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Iowa House Passes Ambitious Education Reform, with Little Democratic Support

The Iowa House of Representatives passed their version of education last night with minimal bipartisan support. Proponents still called it a stride forward for change in education.

 

So the Iowa House has passed its education reform, prompted on by the reform plan of Governor Terry Branstad. What remains to be seen is if there is an education reform package that will pass the Senate, with its slight Democratic majority, that meet the approval of the governor.

Jason Noble of the Des Moines Register reports that the vote split along party lines in the house, with no Democrats supporting the bill and seven Republicans voting against it as well.

Supporters of the bill said it was a statement of progress for change of education in the state. Iowa City Rep. Mary Mascher continued her opposition to it.

The chamber’s minority doesn’t oppose change, said Rep. Mary Mascher, D-Iowa City, but seeks something different than the bill advanced this year.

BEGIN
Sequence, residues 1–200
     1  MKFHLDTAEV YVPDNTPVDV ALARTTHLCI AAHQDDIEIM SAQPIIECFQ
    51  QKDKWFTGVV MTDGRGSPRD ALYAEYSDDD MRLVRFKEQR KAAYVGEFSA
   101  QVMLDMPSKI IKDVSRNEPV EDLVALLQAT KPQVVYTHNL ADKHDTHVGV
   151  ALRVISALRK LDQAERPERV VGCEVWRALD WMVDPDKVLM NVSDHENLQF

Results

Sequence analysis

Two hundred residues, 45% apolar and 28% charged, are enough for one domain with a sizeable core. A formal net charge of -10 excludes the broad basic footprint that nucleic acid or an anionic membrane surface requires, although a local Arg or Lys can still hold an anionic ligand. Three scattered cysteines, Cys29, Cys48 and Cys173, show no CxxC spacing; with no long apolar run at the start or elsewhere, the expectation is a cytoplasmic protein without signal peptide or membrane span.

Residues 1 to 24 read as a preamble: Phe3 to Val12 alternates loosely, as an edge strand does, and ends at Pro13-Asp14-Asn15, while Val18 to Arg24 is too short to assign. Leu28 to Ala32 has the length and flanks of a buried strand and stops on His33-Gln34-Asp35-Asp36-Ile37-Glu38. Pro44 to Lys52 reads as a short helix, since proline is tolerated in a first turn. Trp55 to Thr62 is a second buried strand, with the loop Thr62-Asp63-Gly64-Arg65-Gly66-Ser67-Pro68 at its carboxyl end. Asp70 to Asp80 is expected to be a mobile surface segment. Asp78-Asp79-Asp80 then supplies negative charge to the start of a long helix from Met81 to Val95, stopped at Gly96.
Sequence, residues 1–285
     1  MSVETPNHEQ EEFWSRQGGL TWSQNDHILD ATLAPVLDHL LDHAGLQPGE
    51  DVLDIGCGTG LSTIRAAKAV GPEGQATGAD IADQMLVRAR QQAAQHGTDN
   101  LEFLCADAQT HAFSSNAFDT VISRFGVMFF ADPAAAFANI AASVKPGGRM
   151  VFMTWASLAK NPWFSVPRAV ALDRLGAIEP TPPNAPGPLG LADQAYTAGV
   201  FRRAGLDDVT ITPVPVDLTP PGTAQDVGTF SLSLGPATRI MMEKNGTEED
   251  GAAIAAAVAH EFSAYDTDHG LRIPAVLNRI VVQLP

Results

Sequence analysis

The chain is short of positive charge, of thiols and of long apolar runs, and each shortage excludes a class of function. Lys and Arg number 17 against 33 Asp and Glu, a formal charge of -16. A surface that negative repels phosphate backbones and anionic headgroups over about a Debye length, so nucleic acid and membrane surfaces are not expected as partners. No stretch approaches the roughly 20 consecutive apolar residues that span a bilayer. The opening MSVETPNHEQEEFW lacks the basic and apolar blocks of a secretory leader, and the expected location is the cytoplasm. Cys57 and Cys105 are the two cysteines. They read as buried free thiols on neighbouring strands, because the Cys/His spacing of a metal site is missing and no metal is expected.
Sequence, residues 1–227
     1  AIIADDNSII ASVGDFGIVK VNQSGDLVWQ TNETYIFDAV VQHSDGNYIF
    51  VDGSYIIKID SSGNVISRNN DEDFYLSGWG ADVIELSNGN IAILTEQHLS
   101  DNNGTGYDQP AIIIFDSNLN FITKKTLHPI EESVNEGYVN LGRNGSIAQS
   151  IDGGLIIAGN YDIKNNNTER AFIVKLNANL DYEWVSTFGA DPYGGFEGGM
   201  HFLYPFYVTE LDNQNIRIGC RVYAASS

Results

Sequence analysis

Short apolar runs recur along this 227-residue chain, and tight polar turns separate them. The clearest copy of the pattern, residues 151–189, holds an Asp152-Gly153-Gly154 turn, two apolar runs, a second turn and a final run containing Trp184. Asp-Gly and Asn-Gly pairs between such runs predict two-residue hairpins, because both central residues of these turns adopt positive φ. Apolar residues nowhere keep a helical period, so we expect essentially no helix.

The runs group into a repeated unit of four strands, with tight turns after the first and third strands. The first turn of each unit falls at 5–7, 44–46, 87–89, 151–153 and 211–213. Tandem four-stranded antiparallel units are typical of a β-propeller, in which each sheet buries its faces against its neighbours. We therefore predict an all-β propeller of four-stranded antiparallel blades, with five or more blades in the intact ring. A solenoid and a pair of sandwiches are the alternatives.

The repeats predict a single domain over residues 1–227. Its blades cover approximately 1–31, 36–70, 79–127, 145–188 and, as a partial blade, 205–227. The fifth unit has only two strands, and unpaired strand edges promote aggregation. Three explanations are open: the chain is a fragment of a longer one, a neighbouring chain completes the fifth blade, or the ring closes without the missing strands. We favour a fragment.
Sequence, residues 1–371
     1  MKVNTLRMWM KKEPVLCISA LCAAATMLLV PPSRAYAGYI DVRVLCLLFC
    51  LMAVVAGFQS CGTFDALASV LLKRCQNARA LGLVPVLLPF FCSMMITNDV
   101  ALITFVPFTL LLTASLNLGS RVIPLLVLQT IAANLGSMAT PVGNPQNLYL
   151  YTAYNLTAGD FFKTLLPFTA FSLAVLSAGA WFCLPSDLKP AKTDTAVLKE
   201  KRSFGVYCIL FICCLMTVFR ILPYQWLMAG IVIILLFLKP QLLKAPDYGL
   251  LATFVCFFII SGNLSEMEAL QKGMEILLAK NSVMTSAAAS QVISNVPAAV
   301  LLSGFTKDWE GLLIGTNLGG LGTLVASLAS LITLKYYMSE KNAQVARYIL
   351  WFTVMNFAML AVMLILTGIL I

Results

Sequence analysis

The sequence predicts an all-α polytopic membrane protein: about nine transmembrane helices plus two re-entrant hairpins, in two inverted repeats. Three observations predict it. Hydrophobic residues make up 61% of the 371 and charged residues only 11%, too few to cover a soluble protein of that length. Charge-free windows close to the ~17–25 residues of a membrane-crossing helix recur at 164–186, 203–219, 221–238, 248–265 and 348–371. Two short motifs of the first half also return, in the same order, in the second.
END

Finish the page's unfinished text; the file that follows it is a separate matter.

“Democrats strongly believe in strengthening our educational system. We support true education reform,” Mascher said. “However, change for change’s sake is not reform.”

Mascher and other Democrats mentioned that they liked some elements of the reform package, but couldn't vote yes for it as it was.

You can read more about the proposed reforms .

Sam Osborne March 16, 2012 at 04:49 PM
Easy to blame the victims of our culture’s shortcomings than to provide better support to those that have had an inadequate supply of it. To impact education that we attempt to provide to children, we should do what we do for good national defense, throw money at education. But it is also hard to scare people about what an eight-year-old child is not doing. If we don’t know or care enough to do anything about children’s incapacity to read, we should do what we have been long done, give them a social promotion rather than marking them as failures. I was fortunate that the folks in charge of my early education did the best they could and then passed me on and on until I ended up where I was quite happy to be. Apparently down in Florida---a land of educational milk and honey that Gov. Branstad wants to emulate by holding kids back from 4th grade it they cannot read up to a standard that he finds acceptable---they have started providing a lot of remedial assistance so that adults don’t have to experience the discomfort of holding a lot of kids back. So why not just provide the help and forget the threat that would be directed at an eight-year-old child. Or if we don’t want to do this, why not turn motivation to read over to the real experts of intimidation, the school-yard bully.

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